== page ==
Informacion economica sobre Cuba

Airlines get nasty in competition for routes to Cuba
Hugo MartinContact Reporter

The war of words has gotten nasty, with the candidates describing the
ideas of their rivals as “disingenuous,” “extreme” and “capricious.”

These are not the comments of presidential candidates. This is the
language used by airlines that are competing for a handful of routes to
Cuba that the U.S. government will award this summer under the Obama
administration’s effort to normalize relations with the island nation.

As part of the selection process, the U.S. Department of Transportation
has asked that the competing carriers submit written requests for the
routes they want as well as responses to the proposals of their rivals.

See the most-read stories this hour >>

The federal agency plans to approve 20 daily round-trip flights to
Havana, and 10 flights to nine smaller airports around the communist
country.

The language in these responses has taken an ugly tone because airline
executives know that the Cuban routes will be in high demand,
particularly from Cuban Americans living near Miami, New York and Los
Angeles.

In its application, New York-based JetBlue Airways requested 12 daily
flights to Havana and took shots at Delta Air Lines, saying “JetBlue,
not Delta, is the leading domestic airline at JFK,” referring to John F.
Kennedy International Airport in New York.

Delta, which requested to fly daily to Havana from four U.S. airports,
fired back in its application, saying, “JetBlue’s claim that it offered
more seats and flights from JFK than any other airline in 2015 is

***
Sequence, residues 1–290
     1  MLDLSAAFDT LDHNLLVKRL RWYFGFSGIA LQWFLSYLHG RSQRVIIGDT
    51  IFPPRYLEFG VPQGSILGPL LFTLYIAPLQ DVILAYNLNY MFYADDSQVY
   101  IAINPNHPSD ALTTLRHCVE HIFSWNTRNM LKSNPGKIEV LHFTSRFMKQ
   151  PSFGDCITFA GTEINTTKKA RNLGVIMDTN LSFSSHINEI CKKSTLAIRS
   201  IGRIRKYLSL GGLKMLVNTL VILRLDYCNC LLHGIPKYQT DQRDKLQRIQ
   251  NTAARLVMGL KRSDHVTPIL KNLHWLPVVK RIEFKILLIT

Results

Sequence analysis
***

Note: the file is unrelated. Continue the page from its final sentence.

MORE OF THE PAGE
demonstrably false.”

In Delta’s application, the Atlanta-based carrier took an additional
shot at JetBlue by including photos of stranded JetBlue passengers
sleeping in chairs at a JFK terminal.

Southwest Airlines, which requested nine of the 20 daily flights to
Havana, said it can offer fares lower than American, Spirit and JetBlue
on flights between South Florida and Havana.
United Airlines described a projection that Southwest made about demand
for its service “capricious.”

American Airlines, which asked for 12 daily flights into Havana plus 10
daily or weekly flights to other Cuban airports, called Southwest’s
request for six daily flights from Fort Lauderdale to Havana “absurd.”

American also slammed Alaska Airlines, saying its request for two daily
flights from Los Angeles International Airport to Havana is “in the
extreme and bears no rational relationship to historical, current or
future demand.”

To read more about travel, tourism and the airline industry, follow me
on Twitter at @hugomartin.

Source: Airlines get nasty in competition for routes to Cuba – LA Times

www.latimes.com/business/la-fi-airlines-routes-to-cuba-20160325-story.html


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